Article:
Posted by: pastortomvabeach | February 3, 2010

Thought for the Week February 7, 2010

I missed all of you this week. I can’t remember if we have ever had to cancel all of our Sunday services since I have been pastor. There were a couple of times due to hurricane or flooding that we held only one service and even a time when we had our service without electrical power (after Hurricane Isabel) but we’ve always been able to have service somehow, somewhere. I really did not want to miss out this week but after driving to the church on Saturday and evaluating local roads most of the day, I think we made the best decision. Salem Road was still covered in ice on Monday and we did not want to put anyone in danger of a weather related car accident. I trust that all of you did something to meet with the Lord and I can’t wait to see you all this week.

Every month the General Council of the Assemblies of God sends a letter to all credentialed ministers with notes of spiritual guidance and encouragement from our General Superintendent and other leaders. This month Rev. Douglas Clay, our General Treasurer, wrote about how we pastors must be careful to guard our spiritual health. The counsel he gives is excellent and does not only apply to pastors, so I thought I’d share some of it with you.

Brother Clay says, “spiritually healthy and personally secure pastors do not emerge automatically …because you are in ministry…by virtue of your job description.” Friends, this applies to every Christian. We don’t grow automatically because we go to church or serve in ministry. “Your health and growth require as much focus and attention as your preaching preparation, relationship networking, counseling schedule, church board meetings, community outreach, and the endless daily details every church leader encounters.” Brother Clay is speaking about the busyness of pastoral ministry, but I think everyone can relate due to the myriad activities of daily life and recognize that we’re all extremely stretched.

He continues, “without intentional steps toward your own growth, you will inevitably discover that all the demands of ministry (or life)…will threaten your spiritual, emotional, and relational health. In my own life…I have been reminded constantly that if I don’t take time for spiritual self-care then I will soon exhibit signs of spiritual malnutrition. I never want to lose sight of my own spiritual need. I always want to be growing in Christ even as I am encouraging others in their growth.” These are powerful thoughts. Spiritual self-care is an interesting and vital concept.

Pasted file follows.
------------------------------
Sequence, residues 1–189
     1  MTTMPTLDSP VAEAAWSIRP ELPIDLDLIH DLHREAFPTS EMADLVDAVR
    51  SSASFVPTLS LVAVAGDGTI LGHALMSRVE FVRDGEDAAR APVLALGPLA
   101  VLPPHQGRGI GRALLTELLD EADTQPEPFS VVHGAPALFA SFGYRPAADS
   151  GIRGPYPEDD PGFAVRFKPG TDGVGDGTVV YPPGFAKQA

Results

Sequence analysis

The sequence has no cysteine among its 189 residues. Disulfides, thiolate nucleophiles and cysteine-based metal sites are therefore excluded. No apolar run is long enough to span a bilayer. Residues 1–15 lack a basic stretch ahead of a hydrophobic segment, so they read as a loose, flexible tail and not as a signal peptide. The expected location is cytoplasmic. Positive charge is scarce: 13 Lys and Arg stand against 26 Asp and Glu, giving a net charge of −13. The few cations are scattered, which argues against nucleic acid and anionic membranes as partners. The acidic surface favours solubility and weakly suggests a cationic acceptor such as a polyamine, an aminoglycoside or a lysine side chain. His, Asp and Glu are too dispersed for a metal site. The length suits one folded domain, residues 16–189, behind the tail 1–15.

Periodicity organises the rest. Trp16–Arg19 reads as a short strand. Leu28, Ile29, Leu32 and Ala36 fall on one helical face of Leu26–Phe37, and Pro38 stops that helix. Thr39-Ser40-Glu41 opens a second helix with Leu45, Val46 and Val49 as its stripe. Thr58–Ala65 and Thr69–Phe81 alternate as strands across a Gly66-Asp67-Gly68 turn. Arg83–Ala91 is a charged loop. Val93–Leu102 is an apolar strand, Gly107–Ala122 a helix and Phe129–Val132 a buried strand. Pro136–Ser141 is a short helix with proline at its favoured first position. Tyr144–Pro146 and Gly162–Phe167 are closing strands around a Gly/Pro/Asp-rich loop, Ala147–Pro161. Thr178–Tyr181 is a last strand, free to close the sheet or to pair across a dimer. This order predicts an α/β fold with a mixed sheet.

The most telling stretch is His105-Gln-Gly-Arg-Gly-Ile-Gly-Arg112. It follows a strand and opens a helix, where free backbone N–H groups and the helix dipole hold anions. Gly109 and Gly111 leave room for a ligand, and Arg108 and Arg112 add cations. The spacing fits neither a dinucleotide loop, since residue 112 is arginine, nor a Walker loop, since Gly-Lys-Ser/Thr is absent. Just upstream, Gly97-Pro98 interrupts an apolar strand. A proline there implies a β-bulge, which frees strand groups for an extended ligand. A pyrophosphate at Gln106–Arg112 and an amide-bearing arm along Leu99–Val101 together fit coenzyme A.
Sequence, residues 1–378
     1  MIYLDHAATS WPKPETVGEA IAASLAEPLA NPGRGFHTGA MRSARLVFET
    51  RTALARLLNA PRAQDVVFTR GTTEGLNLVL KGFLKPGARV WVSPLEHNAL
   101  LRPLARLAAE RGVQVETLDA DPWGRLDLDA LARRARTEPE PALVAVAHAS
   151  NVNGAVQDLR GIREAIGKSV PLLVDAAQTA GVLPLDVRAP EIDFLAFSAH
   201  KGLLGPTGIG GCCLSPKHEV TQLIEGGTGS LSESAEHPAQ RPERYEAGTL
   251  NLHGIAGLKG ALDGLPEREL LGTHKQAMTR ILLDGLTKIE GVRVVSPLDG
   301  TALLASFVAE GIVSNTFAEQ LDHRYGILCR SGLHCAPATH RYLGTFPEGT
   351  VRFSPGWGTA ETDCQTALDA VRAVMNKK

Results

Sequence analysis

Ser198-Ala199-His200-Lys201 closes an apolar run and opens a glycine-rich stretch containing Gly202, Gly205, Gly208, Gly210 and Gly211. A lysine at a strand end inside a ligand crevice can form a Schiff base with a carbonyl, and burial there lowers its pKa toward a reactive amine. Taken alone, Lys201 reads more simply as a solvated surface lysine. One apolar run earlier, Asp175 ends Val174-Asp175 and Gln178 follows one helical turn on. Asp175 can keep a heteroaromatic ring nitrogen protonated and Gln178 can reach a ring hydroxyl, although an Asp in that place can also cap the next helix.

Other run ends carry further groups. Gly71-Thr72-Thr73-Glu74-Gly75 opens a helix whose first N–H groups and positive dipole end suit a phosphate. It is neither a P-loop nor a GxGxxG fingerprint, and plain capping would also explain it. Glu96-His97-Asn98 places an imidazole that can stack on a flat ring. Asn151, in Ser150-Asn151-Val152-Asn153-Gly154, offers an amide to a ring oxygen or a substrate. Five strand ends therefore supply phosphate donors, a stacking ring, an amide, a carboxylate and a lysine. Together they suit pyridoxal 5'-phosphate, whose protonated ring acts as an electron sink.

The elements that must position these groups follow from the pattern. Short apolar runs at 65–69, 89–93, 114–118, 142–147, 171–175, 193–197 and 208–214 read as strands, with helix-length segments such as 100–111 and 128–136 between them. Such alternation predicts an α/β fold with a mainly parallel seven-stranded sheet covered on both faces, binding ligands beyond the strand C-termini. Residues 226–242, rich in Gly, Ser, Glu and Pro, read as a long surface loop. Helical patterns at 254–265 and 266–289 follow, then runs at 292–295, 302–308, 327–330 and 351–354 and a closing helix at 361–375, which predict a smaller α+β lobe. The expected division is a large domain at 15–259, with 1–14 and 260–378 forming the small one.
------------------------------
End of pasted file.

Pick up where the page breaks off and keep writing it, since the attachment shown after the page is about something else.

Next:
The next statement should be repeated over and over by every Christian until we internalize it so much that it becomes an unconscious part of our lives. Brother Clay says this, “I recognize that my spiritual growth is my responsibility. I can’t expect anyone else to order my private world. That holds true for you.” Again, he is talking to pastors and relating how much others expect of them in conduct, example, and attitude. But, dear friend, every one of us must recognize that no one else makes us grow spiritually but ourselves. This is good stuff for everyone.

The best part is that Brother Clay gives some specific ways to improve our spiritual footing: “So, where do you begin when the Holy Spirit nudges you and begins to shed light on an area of spiritual fatigue? What steps do you take when your personal revival needs to come into focus? We’re all wired differently, and our approach to serving God is going to be colored by the creative personality He has given us. There are several questions we can ask ourselves, and if we are honest with our answers and willing to respond, we can be healthier as a result.”

What one thing can I do to enjoy God more? God wants to be enjoyed. You know, don’t you, that you were created for His pleasure. Revelation 4:11 (KJV), ‘Thou art worthy, O Lord, to receive glory and honor and power: for thou hast created all things, and for thy pleasure they are and were created.’

What spiritual discipline can I improve on this year? Spiritual disciplines were never intended to be endured, but rather enjoyed. The process of becoming like Jesus does not have to be boring. Ephesians 4:15 (The Message), ’God wants us to grow up, to know the whole truth and tell it in love—like Christ in everything. We take our lead from Christ, who is the source of everything we do.’

What spiritual gift can I use more frequently this year? One reason why people get spiritually fatigued is that they are not practicing 1 Peter 4:10: ’Each one should use whatever gift he has received to serve others, faithfully administering God’s grace in its various forms.’

What can I do to better fulfill God’s purpose for my life? Every day of your life has been scheduled out by the Lord. Psalm 139:16 (LB), ’You saw me before I was born and scheduled each day of my life before I began to breathe. Every day was recorded in your book!’ So the question becomes, ‘Are you accomplishing those ‘”good works which God prepared in advance for you to do?”’ (Ephesians 2:10).”

I wonder what would happen if I took time each week to ask and try to answer one of these questions and then repeated the process after I had made it through all of them. Do you think it would help me to be a better pastor or better Christian? What about you? Just a thought.

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